Abstract Algebra - Show that A+B and AB are Ideals in R?

Oh this is fun one *:) , I'm just a little stuck on how to get started, so I'd appreciate any help :)

If there are 2 ideals, A and B of a ring R, and their sum and product are as follows:

A + B = {a +b | a ∈ A and b ∈ B} and,

AB = {a_1*b_1 +a_2*b_2+ ... + a_n*b_n | n > 0 , and a_i ∈ A and b_i ∈ B for 1 ≤ i ≤ n}.

How do I show that A +B and AB are also ideals of R?

This really seems like fun question, so any hint you guys have would be really appreciated for me to get this one done.

Thanks,

M. :)

1 Answer

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  • David
    Lv 7
    8 years ago
    Favorite Answer

    first we assume that r,r' are in A+B. then we check if r-r' is also in A+B. this will show that A+B is an additive subgroup of R.

    from our initial assumption, we may write r = a+b, for some a in A, b in B, and likewise r' = a'+b'.

    therefore: r - r' = (a+b) - (a'+b') = (a-a') + (b-b'), which is in A+B.

    now suppose x is any element of R, and r is in A+B. we must show that xr is in A+B.

    again writing r = a+b, we have xr = x(a+b) = xa + xb.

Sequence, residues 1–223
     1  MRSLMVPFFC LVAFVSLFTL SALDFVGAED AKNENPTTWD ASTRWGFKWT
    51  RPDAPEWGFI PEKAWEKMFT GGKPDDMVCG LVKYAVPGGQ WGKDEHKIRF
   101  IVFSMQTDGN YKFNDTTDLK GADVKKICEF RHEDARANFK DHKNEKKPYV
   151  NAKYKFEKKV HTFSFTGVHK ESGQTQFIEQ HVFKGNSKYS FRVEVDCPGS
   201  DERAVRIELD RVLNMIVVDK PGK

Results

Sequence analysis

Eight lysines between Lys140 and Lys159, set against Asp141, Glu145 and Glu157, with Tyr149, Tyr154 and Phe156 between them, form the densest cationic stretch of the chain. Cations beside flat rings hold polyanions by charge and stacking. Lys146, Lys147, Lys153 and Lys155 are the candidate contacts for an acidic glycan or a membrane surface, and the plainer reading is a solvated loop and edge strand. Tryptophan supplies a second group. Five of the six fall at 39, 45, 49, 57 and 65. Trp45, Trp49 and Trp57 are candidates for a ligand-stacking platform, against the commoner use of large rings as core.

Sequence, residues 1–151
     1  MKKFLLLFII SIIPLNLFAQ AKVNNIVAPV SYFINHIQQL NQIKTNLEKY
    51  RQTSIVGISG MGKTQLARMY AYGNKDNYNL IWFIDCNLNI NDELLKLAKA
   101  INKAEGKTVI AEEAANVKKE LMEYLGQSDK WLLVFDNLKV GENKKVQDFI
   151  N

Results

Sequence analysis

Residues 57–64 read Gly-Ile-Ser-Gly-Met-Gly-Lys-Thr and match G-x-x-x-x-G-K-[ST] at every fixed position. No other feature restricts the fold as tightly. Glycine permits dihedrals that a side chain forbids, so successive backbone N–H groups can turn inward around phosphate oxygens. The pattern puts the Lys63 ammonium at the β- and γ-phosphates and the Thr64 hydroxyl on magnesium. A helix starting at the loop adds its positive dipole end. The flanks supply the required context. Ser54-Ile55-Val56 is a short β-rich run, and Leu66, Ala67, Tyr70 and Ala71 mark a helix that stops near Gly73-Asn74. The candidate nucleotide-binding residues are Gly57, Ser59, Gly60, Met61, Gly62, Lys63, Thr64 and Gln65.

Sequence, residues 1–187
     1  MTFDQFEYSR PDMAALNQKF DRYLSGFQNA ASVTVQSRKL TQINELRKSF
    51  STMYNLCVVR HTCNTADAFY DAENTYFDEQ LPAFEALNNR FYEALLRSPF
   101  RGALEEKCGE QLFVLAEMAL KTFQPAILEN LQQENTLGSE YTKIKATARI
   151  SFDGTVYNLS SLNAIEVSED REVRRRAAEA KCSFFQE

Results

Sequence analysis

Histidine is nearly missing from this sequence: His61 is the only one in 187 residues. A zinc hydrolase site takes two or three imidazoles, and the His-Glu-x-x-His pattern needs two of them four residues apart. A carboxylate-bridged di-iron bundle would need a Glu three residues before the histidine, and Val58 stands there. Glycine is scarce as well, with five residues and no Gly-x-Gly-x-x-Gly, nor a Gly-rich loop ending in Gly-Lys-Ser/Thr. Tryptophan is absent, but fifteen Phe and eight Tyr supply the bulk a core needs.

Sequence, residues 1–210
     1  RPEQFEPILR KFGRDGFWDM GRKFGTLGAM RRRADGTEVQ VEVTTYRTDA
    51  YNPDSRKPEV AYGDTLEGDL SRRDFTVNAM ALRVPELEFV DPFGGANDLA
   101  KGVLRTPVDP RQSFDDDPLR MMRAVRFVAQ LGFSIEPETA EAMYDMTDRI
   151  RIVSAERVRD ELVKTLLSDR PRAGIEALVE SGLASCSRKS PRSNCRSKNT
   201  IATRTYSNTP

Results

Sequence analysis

since A is an ideal, xa is in A, since B is an ideal, xb is in B.

    thus xr is in A+B. (technically, this only shows A+B is a left ideal

    if A and B are ideals. to prove A+B is a two-sided ideal, one must also show

    that rx is also in A+B, the proof is similar (and uses the fact that

    A and B are two-sided ideals). if our ring is commutative, this is unnecessary).

    ********

    showing AB is an ideal is a bit more involved:

    let r = a1b1 + a2b2 +...+ anbn, and r' = a'1b'1 + a'2b'2+...a'mb'm

    then r - r' is an element of AB with m+n "terms"

    (since -a'jb'j = (-a'j)(b'j), and -a'j is in A iff a'j is), so r - r' is in AB.

    that AB is a left ideal depends only on A being a left ideal:

    x(Σ ajbj) = Σ x(ajbj) = Σ (xaj)(bj), that AB is a right ideal

    depends only on B being a right ideal.

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